living room music

There’s a tempo they want. A sound quality they want. There are subjects they won’t air. The music industry (like any other successful industry) is about formulas and rules.

Follow them, and you will succeed in it as a songwriter and, for better or worse, likely remain a part of it for life. Incidentally, the formula looks like this:

This Brightness plus that Tempo plus this Timing and that Song Duration
multiplied by
LOUDNESS (imperative for chart-topping success this century),
divided by
such-and-such Chord Structure plus Harmonic Complexity = Chart Hit

If that’s the business you’re in, you keep doing this, because it brings you rewards. The tradeoff is that you end up with a body of contemporary hits that are cookie-cutter and calculated. Not anything meant to last.

If you’d made the choice not to follow the rules, then you have freedom to make something that could last. Like, living room music.

Before it was an industry, before Nashville, before Honky Tonk, before Rockabilly, country music truly was living room music. It had this timeless, front-porch quality to it. Much of it very dark and brooding, and depressing and tragic. And beautiful.

I aim with most every song I write to absorb some of that and evoke the past time, but at the same time make something new. Hopefully, something special and very cool to enough people.

This lofty height can only be reached from a place of autonomy. Without record companies, or radio dials, or A&R executives in the middle.

I have never made up a song with an ear or an eye for the marketplace. “Will it touch someone, and will it last?” is always what I’m up against.

I know how to make up that other kind of music. I choose not to. I choose to make quirky, alt-country songs I believe in, instead.

When a song is a hit and makes the artist famous, popular culture declares the song is great art. But of course, popular is not a measure of art. There are many things you can do to get everyone to hear and download your music that have nothing to do with whether it’s great art, just as there are many ways to sell a novel or increase your blog readership.

Do what you believe, not what’s going to make you popular.

OK, break time’s over. Back to my plain but very wonderful little studio up the stairs.

livingroommusic

 

 

alibi

I have wanted to write about the people who owned our old farmhouse before, but I couldn’t realize the song, which more and more seemed to want to talk about some essence of their moving on, not their past.

Reaching into the past, I am able to salvage:

The dim farmhouse, morning radio on …

Black-blue meadow stalking every step the living make  …

A whispered rush.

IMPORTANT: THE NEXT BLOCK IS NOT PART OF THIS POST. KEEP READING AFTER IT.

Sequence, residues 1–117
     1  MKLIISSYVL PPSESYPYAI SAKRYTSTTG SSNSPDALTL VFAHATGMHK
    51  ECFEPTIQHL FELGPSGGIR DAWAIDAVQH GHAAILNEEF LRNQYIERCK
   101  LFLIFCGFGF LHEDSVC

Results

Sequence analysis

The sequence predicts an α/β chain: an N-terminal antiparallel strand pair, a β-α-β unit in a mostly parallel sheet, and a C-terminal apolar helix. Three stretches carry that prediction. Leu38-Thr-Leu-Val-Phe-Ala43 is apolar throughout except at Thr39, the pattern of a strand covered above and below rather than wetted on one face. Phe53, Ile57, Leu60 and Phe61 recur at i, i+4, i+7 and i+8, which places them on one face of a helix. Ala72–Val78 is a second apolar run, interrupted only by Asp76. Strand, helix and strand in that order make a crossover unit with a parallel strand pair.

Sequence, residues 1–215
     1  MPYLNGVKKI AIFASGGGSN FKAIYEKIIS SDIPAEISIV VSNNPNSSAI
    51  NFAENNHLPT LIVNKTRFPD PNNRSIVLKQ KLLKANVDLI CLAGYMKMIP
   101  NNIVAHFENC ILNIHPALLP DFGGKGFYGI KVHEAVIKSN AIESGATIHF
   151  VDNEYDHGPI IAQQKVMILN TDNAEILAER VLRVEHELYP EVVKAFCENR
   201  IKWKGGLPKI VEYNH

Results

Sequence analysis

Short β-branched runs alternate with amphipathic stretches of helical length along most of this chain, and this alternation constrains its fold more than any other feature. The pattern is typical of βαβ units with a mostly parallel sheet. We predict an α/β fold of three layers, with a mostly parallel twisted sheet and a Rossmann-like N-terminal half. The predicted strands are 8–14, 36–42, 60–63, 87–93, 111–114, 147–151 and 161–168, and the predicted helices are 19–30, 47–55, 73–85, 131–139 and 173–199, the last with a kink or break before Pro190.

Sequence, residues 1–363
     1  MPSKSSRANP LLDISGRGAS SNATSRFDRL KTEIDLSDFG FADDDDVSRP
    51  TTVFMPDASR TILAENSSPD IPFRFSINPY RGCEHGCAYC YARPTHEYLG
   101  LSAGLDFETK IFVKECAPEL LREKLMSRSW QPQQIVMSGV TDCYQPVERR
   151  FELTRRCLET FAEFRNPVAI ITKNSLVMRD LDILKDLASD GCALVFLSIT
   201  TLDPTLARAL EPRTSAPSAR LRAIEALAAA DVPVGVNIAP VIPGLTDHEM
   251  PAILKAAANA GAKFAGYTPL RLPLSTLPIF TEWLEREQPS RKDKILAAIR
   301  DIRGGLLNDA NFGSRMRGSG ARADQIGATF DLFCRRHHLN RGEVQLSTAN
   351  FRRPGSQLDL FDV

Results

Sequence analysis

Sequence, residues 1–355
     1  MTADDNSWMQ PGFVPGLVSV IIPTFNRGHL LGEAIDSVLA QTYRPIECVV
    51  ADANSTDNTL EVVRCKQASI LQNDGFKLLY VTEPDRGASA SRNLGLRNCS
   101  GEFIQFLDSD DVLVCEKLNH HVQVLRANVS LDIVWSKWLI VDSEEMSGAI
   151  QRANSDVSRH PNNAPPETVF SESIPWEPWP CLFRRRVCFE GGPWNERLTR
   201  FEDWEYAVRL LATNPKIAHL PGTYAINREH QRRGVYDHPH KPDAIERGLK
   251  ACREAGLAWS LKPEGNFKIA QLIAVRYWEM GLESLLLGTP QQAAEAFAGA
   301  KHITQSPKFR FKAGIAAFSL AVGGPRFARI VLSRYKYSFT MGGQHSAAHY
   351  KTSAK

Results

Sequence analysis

And that farmhouse, like an old brown photograph, suddenly fills the senses.

winterhorseredbarn

As a writer of two or three-minute songs, I’m not interested in holding on to something for very long, or walking back into the past too deep. I’m in it for the permission to be transient.

It’s like this with singing, too. The whole idea of holding a note is strange to me. Singing isn’t about that. It’s about passage, about carrying the note out of you and forward.

When I chronicle the past I’m really just connecting dots, picking the beautiful things out of it and presenting a coherent arc in a neat, little song. Of course, life in the farmhouse was much noisier than that. The past is merely an alibi for the present.

The future, well … it’s messy, but it’s better to move on to it, better to leave what’s left behind any way except a slow way, leave the fastest way you can.

As with the breakups I sing about, the staying moved on … this is the hardest thing of all.

 

voice lesson

Songwriters worry a lot about finding their voice. We all find our voice, though. By the time you’re ten or more years into your craft, you find it.

But that’s not the trouble. The trouble is getting rid of it.

Of course the song idea in my head has been done before. The question I have to answer is, “have I done this before?”

A mere cut and paste from something I shared before would be pointless.

Bringing my true self to my work, every time … shaping my sound until my own two ears say, “yes, that’s great, this surprises us.” That’s what I’m after.

Passionately pursuing a new song my whole life … that’s everything.

voice

 

 

 

finder’s reward

When I’m making up a song, I keep an ear to the ground for what people cast off.

An overheard remark in a train station, the half-sentences of friends workshopping love’s particulars in the local coffee shop: They’re the finder’s reward.

I listen in like an ecclesiastic to the human heart as it bares its splendor and its brokenness.

I listen, and write. And as I write, I polish what I’ve found, and as I craft it into a tune hopefully expose a genuine, consoling truth in the brokenness.

I pick up things others don’t ordinarily notice, like the flowers that thrive by the roadside as we pass on our way somewhere else. Sometimes it’s the only way to encounter the truth.

finders reward

beautiful flaws

I am so flawed as an artist. My songs are imperfectly performed. My wispy voice is sometimes shaky about pitch.

My recordings are a set of first-takes, a thoroughly homemade affair. Nothing feels mastered. Listen closely, and you might hear barn swallows, the sound of wood scraping on a floor, probably a chair.

beautiful flaw

I don’t have many true fans. Is it because everyone else hears my flaws? I could deceive myself into thinking that. Or, that it’s because I don’t fall neatly into a category of music … I’m not exactly country, or folk, or anything else.

But categories don’t matter. Most important work is done by people who don’t easily fit in. No great piece of art is flawless. And no great artist is universally liked or understood.

I’m happy to have a few true fans who don’t hear first-takes, but jewels, and who can’t wait to hear what I make up next.

Who are tuned in to me, flaws and all.